Album Review: Kid Cudi - Man On The Moon II: The Legend of Mr Rager (Good Music/Island)
A hopping mad journey into the unknown, as hip-hop's young adventurer hacks his way to sonic pastures new
And [b]Cudi[/b], his ever-faithful cartographer, follows on devotedly. Ah, how easy it would’ve been to dismiss ‘[b]Man On The Moon II[/b]’ as another cobbled-together plot-staller of a rap album ‘trilogy’ – the latest clichéd hip-hop formula for guaranteed repeat sales, next best to getting shot. Cudi fitted the profile perfectly: he’s a protégé of [a]Kanye West[/a] who racked up a US Top Five debut album with ‘[b]Man On The Moon: The End Of Day[/b]’ last year.
He featured on ‘[b]The Blueprint 3[/b]’ and perhaps learnt a trick or two about churning out ‘franchise albums’ from the master of the form: cut ’em quick, stack ’em high and slap on the guest stars like fake tan on a WAG.
But his collaborations with [a]MGMT[/a] and [a]Ratatat[/a] on his debut hinted that [b]Cudi[/b] might be the first big-selling rap act of the new millennium to adopt a truly alternative mindset. Where modern rap has effortlessly adopted cinematic, pop, soul and hard rock elements, [b]Cudi[/b] looked like he might be the first to successfully leap the indie/rap divide ([a]Lethal Bizzle[/a] showing up on a [a]Kaiser Chiefs[/a] song doesn’t count) and produce hip-hop with the adventurous, lo-fi attitude of an [a]Animal Collective[/a] or [a]Foals[/a]. And ‘[b]The Legend Of Mr Rager[/b]’ is where that promise is made good. This is a grungy, filthy record full of angels and demons, violently at odds with mainstream US R&B chart pap. And it might just be the next-generation rap record of the year.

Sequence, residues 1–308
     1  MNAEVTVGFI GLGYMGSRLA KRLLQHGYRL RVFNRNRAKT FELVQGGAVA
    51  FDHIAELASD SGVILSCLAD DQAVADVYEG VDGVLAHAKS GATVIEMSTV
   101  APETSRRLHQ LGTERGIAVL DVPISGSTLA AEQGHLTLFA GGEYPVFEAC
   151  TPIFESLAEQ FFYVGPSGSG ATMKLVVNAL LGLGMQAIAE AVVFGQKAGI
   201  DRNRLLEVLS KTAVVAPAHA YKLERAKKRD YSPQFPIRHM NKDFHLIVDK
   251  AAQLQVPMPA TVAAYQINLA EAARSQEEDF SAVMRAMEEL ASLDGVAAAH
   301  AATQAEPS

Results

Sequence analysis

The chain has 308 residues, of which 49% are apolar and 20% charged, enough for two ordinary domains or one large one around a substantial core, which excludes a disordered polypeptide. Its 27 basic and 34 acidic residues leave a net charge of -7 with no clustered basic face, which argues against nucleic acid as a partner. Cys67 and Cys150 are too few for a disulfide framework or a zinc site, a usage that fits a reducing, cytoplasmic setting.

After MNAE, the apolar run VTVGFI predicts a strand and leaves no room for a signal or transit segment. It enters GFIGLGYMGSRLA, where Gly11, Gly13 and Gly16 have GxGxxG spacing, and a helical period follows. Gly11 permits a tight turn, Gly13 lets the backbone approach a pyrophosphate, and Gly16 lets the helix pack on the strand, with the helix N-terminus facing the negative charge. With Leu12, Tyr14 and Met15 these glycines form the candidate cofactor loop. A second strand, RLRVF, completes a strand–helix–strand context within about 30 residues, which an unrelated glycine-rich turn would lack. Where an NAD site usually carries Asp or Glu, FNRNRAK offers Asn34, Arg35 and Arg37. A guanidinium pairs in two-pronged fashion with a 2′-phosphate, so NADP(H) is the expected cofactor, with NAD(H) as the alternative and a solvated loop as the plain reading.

Yes, there is an appearance from [b]Kanye[/b], but it’s on ‘[b]Erase Me[/b]’, a full-on geek rock smash with such a [a]Weezer[/a]ish chug that you imagine Yeezy invading the stage at the 2011 Oscars, grabbing the Scott Pilgrim Best Picture award from Edgar Wright and declaring, “Man, I invented this shit!” Yes, there’s a guest slot from a woman so ubiquitous in modern rap that even her closest relatives now call her ‘Featuring [b]Mary J Blige[/b]’, but it is on ‘[b]These Worries[/b]’, where tribal thumps and submarine pings descend upon vocals so haunting they sound like sinister rituals. If [a]Kid Cudi[/a] suddenly becomes a demonically brilliant guitar player with 12-inch fingers and a fretboard of flame, it’s probably from performing this tune at some sort of crossroads.
Elsewhere the [a]Cee Lo[/a]-featuring ‘[b]Scott Mescudi Vs The World[/b]’ mixes junkyard beats with ghost-train wails and Philly strings; ‘[b]REVOFEV[/b]’ is ’60s Stones playing Northern soul classics in Wookey Hole; and ‘[b]Wild’n Cuz Im Young[/b]’ combines krautrock throbs and Tetris blips to create something insanely catchy yet as radio-friendly as root canal surgery. [b]Mr Rager[/b]’s journey takes us far off US hip-hop’s interstates of gloss and sheen down dirt tracks: the (no shitting) psychedelic gothtronica of ‘[b]The Mood[/b]’ resembles [a]Depeche Mode[/a] if they’d ever been on an ayahuasca bender in the rainforest, while ‘[b]Marijuana[/b]’, rather than the snoozy spliff-hop you might expect from a Snoop track with that title, is full of the jittery paranoia of the worst acid-skunk nightmare. Such is the mainstream-bucking experimentation and innovation on display here.
In ‘[b]The End[/b]’, [b]Mr Rager[/b] brings us safely back to homely gin’n’juice lounge rap. But it’s been a wild trip. We’ve glimpsed ancient wonders and glistening possibilities and met, in [a]Kid Cudi[/a], the man to push mainstream hip-hop into a dazzling new realm of sonic exploration. Whenever [b]Mr Rager[/b] sets off on his next adventure we’re ready, musical machetes in hand, to follow him into the undergrowth…
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